Three new services in the past two weeks have significantly boosted the range of digital payment mechanisms available to all kinds of businesses. With the potential to transform how they bill and collect payments, these new ways to pay open up a world of opportunity for entrepreneurs.
All three of these new services make it economical to earn money from delivering small items or services in return for micropayments of a few dollars down to just cents. Two are for online use, while the third caters for spending in brick-and-mortar outlets (or any physical location). For a long while, micropayments have been seen as the key to delivering products and services digitally in many individual, one-off sales rather having to bundle them up into larger subscriptions. As iPhone apps have proved, people are willing to spend a dollar or two far more readily than they’ll commit to a $10 or $20 subscription. These new services take micropayments outside of Apple’s App Store and iTunes, out to the world at large.
Maybe you’ve heard of digital goods, but decided the opportunity wasn’t for you? It’s a misleading term, as it sounds like it means stuff that you have to be a software developer to build. In fact it’s anything that you digitize and sell online, from traditional output such as specialist writing, articles and e-books, photography, artwork or music, to new media including video, webcasts or even slidedecks, as well as software artefacts that you buy in online games and applications. Micropayments open up the potential to deliver those digital goods either to a high-volume mass market or to a lucrative long-tail opportunity.
The whole notion of digital services is a related area of opportunity that people often ignore because they’re hung up on the ‘digital goods’ terminology. I feel certain that micropayments will enable new types of online professional and business services that will be bought and paid for piecemeal — everything from zipcode lookups to translation or even professional advice. Cost-conscious entrepreneurs should be on the look-out to buy these services as much as supply them, because the globally competitive nature of the Web will drive the prices of some of these services astonishingly low as they become commoditized.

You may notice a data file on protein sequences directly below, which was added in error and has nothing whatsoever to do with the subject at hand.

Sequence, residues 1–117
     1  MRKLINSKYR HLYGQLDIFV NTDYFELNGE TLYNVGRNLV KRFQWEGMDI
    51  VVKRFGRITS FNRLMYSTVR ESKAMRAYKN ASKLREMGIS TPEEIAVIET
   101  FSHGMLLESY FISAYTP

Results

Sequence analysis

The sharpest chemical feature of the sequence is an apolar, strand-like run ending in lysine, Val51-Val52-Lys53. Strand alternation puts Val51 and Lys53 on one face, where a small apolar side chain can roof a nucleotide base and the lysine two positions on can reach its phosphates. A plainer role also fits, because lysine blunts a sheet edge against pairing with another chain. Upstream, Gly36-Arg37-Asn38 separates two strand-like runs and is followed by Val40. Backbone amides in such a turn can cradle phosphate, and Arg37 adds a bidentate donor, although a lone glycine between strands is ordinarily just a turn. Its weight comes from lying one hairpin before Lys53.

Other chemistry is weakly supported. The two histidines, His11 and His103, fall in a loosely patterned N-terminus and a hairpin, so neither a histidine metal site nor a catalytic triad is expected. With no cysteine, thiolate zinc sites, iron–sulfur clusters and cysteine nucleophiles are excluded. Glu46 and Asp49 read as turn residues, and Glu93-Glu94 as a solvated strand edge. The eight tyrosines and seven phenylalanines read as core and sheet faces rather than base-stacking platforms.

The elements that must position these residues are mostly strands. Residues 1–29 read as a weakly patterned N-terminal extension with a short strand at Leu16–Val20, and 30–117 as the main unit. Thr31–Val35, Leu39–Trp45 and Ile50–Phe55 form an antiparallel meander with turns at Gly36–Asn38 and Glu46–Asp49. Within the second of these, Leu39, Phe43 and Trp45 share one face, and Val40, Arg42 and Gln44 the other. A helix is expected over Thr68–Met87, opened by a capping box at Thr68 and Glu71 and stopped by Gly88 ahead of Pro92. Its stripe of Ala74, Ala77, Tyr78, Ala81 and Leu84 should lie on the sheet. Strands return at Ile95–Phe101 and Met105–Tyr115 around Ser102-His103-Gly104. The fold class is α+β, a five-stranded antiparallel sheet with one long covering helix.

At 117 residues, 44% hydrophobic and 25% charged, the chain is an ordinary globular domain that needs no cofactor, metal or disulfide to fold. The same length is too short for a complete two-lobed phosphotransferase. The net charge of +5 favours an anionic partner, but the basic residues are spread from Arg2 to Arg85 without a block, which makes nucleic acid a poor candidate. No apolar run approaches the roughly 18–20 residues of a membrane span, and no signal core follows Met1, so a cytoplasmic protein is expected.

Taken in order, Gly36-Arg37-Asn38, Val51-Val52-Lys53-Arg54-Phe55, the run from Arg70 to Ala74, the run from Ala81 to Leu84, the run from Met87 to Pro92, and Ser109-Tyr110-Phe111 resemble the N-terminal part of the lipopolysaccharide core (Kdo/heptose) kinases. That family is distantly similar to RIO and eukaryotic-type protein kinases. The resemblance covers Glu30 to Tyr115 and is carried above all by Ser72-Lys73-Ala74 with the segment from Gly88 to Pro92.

The first of the three announcements was the official launch of PayPal’s digital goods payment service. For PayPal Express Checkout merchants, the service enables what PayPal calls “in-context payments,” for example to view extra information or enhance the content experience. As the PayPal blog noted:
“When consumers pay for online content, PayPal for digital goods allows them to pay in as little as two clicks without ever leaving a publisher’s game, news, music, video or media site. It’s the online equivalent to dropping a quarter in the slot to buy a gumball.”
Next up was the launch of Google OnePass, seen by many as a direct response to Apple’s controversial launch of its own in-context subscription service for publishers. OnePass explicitly targets traditional media publishers but is also applicable to other forms of digital content and services. It includes support for both traditional subscriptions and one-off micropayments, along with metered access, ‘freemium’ strategies and other permutations.
Finally there was the surprising announcement from mobile payments start-up Square, which has abolished flat-rate per-transaction charges for merchants taking card payments: “Now when you swipe a card with Square there is just one fee: 2.75%. What you see is what you pay.” Square provides a hardware plug-in that turns an iPhone or other smartphone into a credit card reader, enabling small businesses to take card payments without needing a fixed phone line or a bulky point-of-sale card reader.
Abolishing the previous 15c per-transaction fee makes even small payments cost-effective. Of course Square’smotivation is to buy market share and it presumably has calculated that the majority of sales will be for larger amounts. But the move opens up intriguing possibilities for a business to harness armies of smartphone users as a casual mobile sales force for low transaction value items.
There are many possibilities for innovative business models riding on these new services. It will be fascinating to watch what evolves.